November 26 – December 2: “Which comes first, the reader or the story?”

thriller-roundtable-logo5The reader or the story? Which comes first and why? This week we’re joined by ITW members Jon Land, G. A. Chamberlin, DiAnn Mills, Judy Penz Sheluk, Tom Pitts, Vicky Delany, Bruce Robert Coffin, Lynn Cahoon, Jay Gertzman and Roger Angle. Scroll down to the “comments” section to follow along!


Lynn Cahoon is the author of the NYT and USA Today best-selling Tourist Trap cozy mystery series. Guidebook to Murder, book 1 of the series, won the Reader’s Crown for Mystery Fiction. She also pens the Cat Latimer series available in mass market paperback with Slay in Character coming in late 2018. In addition to releasing Who Moved my Goat Cheese in March as part of the new Farm to Fork series, Killer Green Tomatoes released July 3rd, 2018.


Jon Land is the award-winning, USA Today bestselling author of 45 books, including nine titles in the critically acclaimed Texas Ranger Caitlin Strong series, the most recent of which, STRONG TO THE BONE, won both the 2017 American Book Fest and 2018 International Book Award for Best Mystery. The next title in the series, STRONG AS STEEL, will be published in April. MANUSCRIPT FOR marks his second effort writing as Jessica Fletcher for the MURDER, SHE WROTE series.


Roger Angle writes novels and short fiction but started out life as a poet. He has published more than 20 poems and short prose pieces in literary journals, in addition to thousands of newspaper stories and dozens of magazine articles. He was nominated for a Pulitzer Prize as a reporter in 1967 and won the Random House short fiction contest in 1999 with “Casualty of War” about a narcissist in a relationship. Recent publications include a comic thriller “The Hit-Man” in Murder at the Beach, published by Down & Out Books in 2014. THE DISAPPEARANCE OF MAGGIE COLLINS is his first published novel. Angle lives in Southern California.


Bruce Robert Coffin is the bestselling author of the Detective Byron mystery series and former detective sergeant with more than twenty-seven years in law enforcement. At the time of his retirement from the Portland, Maine police department, he supervised all homicide and violent crime investigations for Maine’s largest city. Following the terror attacks of September 11th, Bruce spent four years working counter-terrorism with the FBI, earning the Director’s Award, the highest honor a non-agent can receive. His short fiction appears in several anthologies, including The Best American Mystery Stories 2016.


DiAnn Mills is a bestselling author who believes her readers should expect an adventure. She creates action-packed, suspense-filled novels to thrill readers. Her titles have appeared on the CBA and ECPA bestseller lists; won two Christy Awards; and been finalists for the RITA, Daphne Du Maurier, Inspirational Readers’ Choice, and Carol award contests. She is co-director of the Blue Ridge Mountains Christian Writer’s Conference and Mountainside Marketing Conference


Judy Penz Sheluk is the Amazon international bestselling author of the Glass Dolphin Mysteries and the Marketville Mysteries. Her short stories appear in several collections. Judy is also a member of Sisters in Crime International, Sisters in Crime – Guppies, Sisters in Crime – Toronto, International Thriller Writers, Inc., the South Simcoe Arts Council, the Short Mystery Fiction Society, and Crime Writers of Canada, where she serves on the Board of Directors, representing Toronto/Southwestern Ontario.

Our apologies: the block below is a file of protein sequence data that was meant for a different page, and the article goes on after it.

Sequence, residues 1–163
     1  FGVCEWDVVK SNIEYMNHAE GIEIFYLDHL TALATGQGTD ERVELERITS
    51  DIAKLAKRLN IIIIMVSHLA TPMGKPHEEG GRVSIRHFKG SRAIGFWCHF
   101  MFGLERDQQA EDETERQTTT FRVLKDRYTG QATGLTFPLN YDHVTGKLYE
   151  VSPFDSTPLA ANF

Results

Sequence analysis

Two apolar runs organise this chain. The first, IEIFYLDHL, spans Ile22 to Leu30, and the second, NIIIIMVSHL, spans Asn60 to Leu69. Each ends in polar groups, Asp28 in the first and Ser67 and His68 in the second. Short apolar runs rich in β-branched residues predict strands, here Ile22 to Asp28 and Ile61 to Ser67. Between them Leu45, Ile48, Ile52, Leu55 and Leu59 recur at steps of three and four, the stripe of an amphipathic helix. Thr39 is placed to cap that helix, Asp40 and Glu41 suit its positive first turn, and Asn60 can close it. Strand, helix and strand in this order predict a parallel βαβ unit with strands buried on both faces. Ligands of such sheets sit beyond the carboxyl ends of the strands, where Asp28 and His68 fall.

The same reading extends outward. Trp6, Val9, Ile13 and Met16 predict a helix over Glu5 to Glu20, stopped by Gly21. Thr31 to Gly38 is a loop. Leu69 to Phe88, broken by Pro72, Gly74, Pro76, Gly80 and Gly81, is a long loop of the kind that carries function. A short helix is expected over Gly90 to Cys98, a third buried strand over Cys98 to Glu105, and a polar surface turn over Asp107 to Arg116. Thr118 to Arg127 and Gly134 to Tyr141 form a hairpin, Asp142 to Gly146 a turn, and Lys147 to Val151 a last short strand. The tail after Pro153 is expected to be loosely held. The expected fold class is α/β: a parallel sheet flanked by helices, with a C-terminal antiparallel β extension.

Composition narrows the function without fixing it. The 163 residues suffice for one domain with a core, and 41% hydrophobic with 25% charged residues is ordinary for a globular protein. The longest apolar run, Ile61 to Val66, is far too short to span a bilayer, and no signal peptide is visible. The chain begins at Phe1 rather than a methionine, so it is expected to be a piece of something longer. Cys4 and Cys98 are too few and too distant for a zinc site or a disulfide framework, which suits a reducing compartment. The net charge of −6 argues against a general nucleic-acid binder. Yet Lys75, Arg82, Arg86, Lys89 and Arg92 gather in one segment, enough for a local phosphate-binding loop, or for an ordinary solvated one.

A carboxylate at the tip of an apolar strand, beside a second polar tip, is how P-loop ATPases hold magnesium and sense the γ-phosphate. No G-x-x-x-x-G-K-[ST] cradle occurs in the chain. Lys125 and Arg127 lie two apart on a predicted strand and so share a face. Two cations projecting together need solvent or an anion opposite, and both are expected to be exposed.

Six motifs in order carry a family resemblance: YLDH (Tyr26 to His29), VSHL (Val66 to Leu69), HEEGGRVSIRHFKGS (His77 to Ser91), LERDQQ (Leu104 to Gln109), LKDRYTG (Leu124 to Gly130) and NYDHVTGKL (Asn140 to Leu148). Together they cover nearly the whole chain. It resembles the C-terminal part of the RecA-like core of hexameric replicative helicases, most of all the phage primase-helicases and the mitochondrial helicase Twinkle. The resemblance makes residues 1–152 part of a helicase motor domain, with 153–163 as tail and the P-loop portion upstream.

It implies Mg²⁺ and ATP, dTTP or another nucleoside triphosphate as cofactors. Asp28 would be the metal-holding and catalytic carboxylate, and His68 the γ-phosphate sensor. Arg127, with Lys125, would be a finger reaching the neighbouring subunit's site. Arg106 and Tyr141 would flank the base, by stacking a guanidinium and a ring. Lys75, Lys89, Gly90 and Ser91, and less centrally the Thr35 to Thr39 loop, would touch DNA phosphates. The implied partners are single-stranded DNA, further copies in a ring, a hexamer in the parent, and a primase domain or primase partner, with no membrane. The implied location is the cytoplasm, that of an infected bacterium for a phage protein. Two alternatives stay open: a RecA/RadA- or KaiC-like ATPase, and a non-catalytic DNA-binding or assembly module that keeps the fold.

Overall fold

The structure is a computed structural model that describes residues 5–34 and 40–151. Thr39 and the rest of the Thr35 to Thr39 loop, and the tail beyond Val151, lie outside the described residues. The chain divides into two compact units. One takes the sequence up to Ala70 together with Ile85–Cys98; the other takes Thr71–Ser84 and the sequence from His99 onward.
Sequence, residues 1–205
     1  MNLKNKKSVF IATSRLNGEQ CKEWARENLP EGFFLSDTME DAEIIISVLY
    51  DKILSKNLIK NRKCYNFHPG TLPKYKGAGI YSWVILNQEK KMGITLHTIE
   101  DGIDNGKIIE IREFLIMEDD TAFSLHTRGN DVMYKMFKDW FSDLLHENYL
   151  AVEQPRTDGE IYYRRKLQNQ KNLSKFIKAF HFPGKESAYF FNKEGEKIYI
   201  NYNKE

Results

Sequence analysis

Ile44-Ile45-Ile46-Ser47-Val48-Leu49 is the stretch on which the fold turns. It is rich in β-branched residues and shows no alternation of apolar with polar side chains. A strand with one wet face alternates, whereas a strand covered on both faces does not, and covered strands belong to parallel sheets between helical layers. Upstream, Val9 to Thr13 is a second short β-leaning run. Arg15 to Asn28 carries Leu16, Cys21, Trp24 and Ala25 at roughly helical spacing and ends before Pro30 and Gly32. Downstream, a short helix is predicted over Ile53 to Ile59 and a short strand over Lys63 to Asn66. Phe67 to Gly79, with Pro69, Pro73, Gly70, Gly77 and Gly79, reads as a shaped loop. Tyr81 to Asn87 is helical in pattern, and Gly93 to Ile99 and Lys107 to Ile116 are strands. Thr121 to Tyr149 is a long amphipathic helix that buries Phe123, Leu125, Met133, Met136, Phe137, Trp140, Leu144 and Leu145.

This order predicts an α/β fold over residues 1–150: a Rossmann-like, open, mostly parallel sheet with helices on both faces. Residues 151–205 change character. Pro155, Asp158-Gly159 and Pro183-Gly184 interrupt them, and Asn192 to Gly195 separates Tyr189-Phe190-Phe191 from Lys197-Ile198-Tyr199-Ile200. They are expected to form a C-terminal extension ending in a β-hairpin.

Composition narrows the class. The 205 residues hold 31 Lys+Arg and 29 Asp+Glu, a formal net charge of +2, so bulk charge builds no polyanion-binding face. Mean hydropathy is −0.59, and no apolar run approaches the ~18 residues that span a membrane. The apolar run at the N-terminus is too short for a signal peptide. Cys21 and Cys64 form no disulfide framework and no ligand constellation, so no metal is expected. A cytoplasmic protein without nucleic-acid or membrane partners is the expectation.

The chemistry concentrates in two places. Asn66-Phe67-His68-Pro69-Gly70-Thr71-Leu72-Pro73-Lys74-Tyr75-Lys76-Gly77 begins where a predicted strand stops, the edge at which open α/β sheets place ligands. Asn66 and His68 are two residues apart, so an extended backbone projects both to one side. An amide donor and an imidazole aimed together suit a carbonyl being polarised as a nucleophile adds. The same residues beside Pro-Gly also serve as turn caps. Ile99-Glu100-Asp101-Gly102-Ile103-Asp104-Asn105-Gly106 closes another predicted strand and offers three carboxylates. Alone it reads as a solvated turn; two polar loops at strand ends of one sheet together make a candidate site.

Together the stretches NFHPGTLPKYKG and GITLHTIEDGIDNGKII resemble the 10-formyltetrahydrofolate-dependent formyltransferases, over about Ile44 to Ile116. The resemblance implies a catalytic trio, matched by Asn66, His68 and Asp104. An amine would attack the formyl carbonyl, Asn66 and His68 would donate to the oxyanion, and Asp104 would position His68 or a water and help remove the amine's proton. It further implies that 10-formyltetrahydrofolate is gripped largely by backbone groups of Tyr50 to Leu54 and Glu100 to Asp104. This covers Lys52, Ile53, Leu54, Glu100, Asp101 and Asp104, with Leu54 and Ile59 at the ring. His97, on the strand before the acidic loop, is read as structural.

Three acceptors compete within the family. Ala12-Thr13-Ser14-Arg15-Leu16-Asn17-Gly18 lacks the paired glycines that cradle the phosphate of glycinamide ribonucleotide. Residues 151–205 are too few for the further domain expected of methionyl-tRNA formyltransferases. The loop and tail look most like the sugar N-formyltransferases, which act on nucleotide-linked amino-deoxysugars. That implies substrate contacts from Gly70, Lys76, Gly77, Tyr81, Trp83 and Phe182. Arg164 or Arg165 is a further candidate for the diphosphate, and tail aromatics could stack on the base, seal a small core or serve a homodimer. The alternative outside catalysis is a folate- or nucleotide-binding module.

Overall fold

Tom Pitts received his education on the streets of San Francisco. He remains there, working, writing, and trying to survive. He is the author of American Static, Hustle, and the novellas Piggyback and Knuckleball.




Vicki Delany is one of Canada’s most prolific and varied crime writers and a national bestseller in the U.S. She has written more than twenty-five books: clever cozies to Gothic thrillers to gritty police procedurals, to historical fiction and novellas for adult literacy. She is the author of the Sherlock Holmes Bookshop cozy mystery series, from Crooked Lane books, featuring Gemma Doyle, an Englishwoman with a mind much like that of the Great Detective, who owns a Holmes-themed bookshop on Cape Cod. She also writes the Year Round Christmas series for Penguin Random House and, under the pen name of Eva Gates, the Lighthouse Library series for Crooked Lane Books. Vicki lives and writes in bucolic Prince Edward County, Ontario. She is the past president of the Crime Writers of Canada. Her work has been nominated for the Derringer, the Bony Blithe, the Ontario Library Association Golden Oak, and the Arthur Ellis Awards.


Jay Gertzman has spent half a lifetime thinking about the distinctions between “art” or “literature” and popular entertainment. From what have artists graduated when their erotica or thrillers are published by Penguin or Vintage or produced by Paramount? Gertzman has published books on the distribution and censorship of erotica in the 1920s and ’30s, and on the poet and pornographer Samuel Roth. His Pulp According to David Goodis was published on  October 29.


G. A. Chamberlin is the author of the Amanda Wells Series of thrillers under the imprint Crown Eagle Publishing. Her latest, The Kneeling Woman, is her ninth in the series. She is an indie-published author under the imprint, where she also wrote one non-fiction title, Kathleen The War Years — a scholarly account of U.S. overseas diplomacy during WWII.



  1. I’m a Libra, I try to see both sides of an argument, but I’m having difficulty seeing the other side here. I’m sure my co-bloggers this week will be able to show me the way so I’m jumping in with an answer.

    The story always comes first. Even if you have no readers. I’m a genre whore, in a nice, pleasant way. I love writing in different genres. I have a horror short story on my desktop. Along with a woman’s fiction, a thriller, a witchcraft cozy, a contemporary (think modern western) romance and a witchcraft romantic suspense. The last two are published under my pen name, Lynn Collins. Why am I all over the board? Because the stories spoke to me.